SYRACUSE – Residents on North and South Kitson streets in Syracuse submitted a request to be annexed into the town, and at Tuesday’s council meeting new Town Manager Michael Noe asked the council to approve an engineering task order.

He said they need a task agreement with Commonwealth Engineers to evaluate the water and wastewater capabilities for that area and how much it would cost to bring it up to the town’s standards.

Noe said, “I believe the wastewater is in good shape but the water needs repairs.”

The engineering task order also will tell them whether they need to bore or open dig.

Council Member Bill Musser asked if the people there wanted annexation, and former Town Manager Henry DeJulia and Noe said they requested the annexation and 11 out of the 20 property owners have signed it.

That means over half of the property owners have signed it, which is not the required 65 percent but they reportedly own over 80 percent of the land to be annexed.

Commonwealth’s price for the town is $7,000.

Council Member Paul Stoelting said in the past residents wanting to be annexed were assessed fees to help cover the town’s cost and Musser said he did want to see a return on investment. Noe said all of these costs will be included in the study.

Salary Ordinance Amendment

The council approved an amendment to the salary ordinance, raising the salary of Water Department foreman Donald Robinson since he will be responsible for signing water department reports to the Indiana Department of Environmental Management.

The amended ordinance raises the maximum hourly rate for Robinson to $27.80 per hour plus hourly longevity pay. Noe said after the meeting he is working on getting his water certification, which is why Robinson needs to sign the water department reports. When Noe took over as town manager, he also was named public works superintendent. He already has wastewater certification.

Turkey Creek Fire Department

Turkey Creek Fire Chief Mickey Scott introduced the newest member of the department, Layne Neal, to the council. He also reported that two members of the department completed paramedic training and two more will begin school in April at a cost of $7,000 per student.

He said the building project is progressing well, adding that it’s been inconvenient at times but they are managing and he praised his staff for dealing with it.

“At the end of the project it will be well worth it,” he said.

Scott got approval for the purchase of a 2019 Dodge Ram four wheel drive pickup truck from John Jones Auto Group near Indianapolis. He said the original cost was $44,965, but after receiving a government discount of $12,728 and a trade-in discount of $2,500, the price was reduced to $29,972 and he is allowing for $7,000 to outfit the truck. He asked the council to approve an amount not to exceed $38,000.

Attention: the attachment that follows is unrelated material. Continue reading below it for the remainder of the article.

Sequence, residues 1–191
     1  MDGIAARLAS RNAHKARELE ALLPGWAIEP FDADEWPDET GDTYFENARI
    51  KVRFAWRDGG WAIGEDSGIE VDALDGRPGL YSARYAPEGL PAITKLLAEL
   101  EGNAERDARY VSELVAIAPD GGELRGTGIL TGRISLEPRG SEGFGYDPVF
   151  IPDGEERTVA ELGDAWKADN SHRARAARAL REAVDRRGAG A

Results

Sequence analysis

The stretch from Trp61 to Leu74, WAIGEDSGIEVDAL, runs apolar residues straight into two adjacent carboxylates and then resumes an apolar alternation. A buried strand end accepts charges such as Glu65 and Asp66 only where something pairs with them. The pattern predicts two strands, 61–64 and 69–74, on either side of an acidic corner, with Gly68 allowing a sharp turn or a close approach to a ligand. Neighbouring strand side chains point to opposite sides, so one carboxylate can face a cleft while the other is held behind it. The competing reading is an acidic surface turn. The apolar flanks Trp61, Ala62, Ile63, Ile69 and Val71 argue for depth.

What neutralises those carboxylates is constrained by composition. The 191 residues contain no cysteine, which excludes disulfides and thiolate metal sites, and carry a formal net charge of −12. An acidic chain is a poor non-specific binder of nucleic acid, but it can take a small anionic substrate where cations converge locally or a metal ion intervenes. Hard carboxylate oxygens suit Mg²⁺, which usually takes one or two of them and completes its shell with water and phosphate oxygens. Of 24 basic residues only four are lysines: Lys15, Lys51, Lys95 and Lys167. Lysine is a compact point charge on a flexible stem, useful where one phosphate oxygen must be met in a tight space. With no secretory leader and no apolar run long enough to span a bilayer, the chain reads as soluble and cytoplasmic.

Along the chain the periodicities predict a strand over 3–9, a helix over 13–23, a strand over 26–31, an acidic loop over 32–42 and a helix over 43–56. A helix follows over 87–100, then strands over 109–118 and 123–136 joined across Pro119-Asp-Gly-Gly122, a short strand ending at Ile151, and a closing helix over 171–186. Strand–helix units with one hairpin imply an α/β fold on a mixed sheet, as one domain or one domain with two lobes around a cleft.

He also informed the council that his department, along with Warsaw-Wayne Fire Territory and North Webster Fire Department, received a $350,000 grant for 10 Zoll X Series cardiac monitors. Four are going to Warsaw, two to North Webster and four will go to Turkey Creek Fire. Scott said after the meeting that having the same equipment will help in the event of mass casualties.

There also was mention of baby boxes and Scott said they are in the process of working on it, but want to make sure everything is done right.

Parks Department

Superintendent Chad Jonsson reported that January and February have been pretty busy. Coming up the first weekend in March is the indoor garage sale that is sold out.

On March 11 at 7 p.m. is a public input meeting held at the community center to discuss plans for Laudeman Park.

March 23 is the third annual princess party featuring Tinkerbelle. He also reported the annual building corporation meeting was held earlier that day. He was asked about parking lot lights and told the council they are working on costs per pole – they cost $2,200 to $2,300 each plus an additional $3,000 to bore each pole.

Clerk-Treasurer Report

Paula Kehr-Wicker, clerk-treasurer, brought a resident’s request for adjustment to his water bill because he had a huge leak when he purchased the property. He was seeking a total adjustment of $2,493.62, which the council approved.

The clerk also publicly apologized for an error she said she made a couple of months ago.

“Because I believe in transparency I want to offer sincere apologies to the taxpayers,” she said. Kehr-Wicker said she turned in a withholding payment late back in April, which resulted in a penalty of $2,214.13 from the Internal Revenue Service. “I deeply apologize,” she said.

In other business:

• Noe praised the town’s public works employees and all the town’s employees for having to work in the difficult frigid temperatures last month.

• The council heard Dan Buell was hired as a new police officer, replacing the retired Joe Denton. An open house is Friday at the Syracuse Police Department to honor Denton. The public is invited to attend.

• The council heard Shopko is closing. Noe expressed sadness and said he is working with the Syracuse-Wawasee Chamber of Commerce and the building owner to see who they can get in that space.

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